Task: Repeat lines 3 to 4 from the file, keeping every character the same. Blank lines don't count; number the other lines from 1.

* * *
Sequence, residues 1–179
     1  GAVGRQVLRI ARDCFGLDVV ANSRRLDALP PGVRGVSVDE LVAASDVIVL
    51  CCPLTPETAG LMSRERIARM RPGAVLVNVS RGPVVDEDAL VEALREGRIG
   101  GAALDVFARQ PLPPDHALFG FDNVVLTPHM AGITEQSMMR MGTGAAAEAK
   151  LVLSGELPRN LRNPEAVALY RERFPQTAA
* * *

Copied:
    51  CCPLTPETAG LMSRERIARM RPGAVLVNVS RGPVVDEDAL VEALREGRIG
   101  GAALDVFARQ PLPPDHALFG FDNVVLTPHM AGITEQSMMR MGTGAAAEAK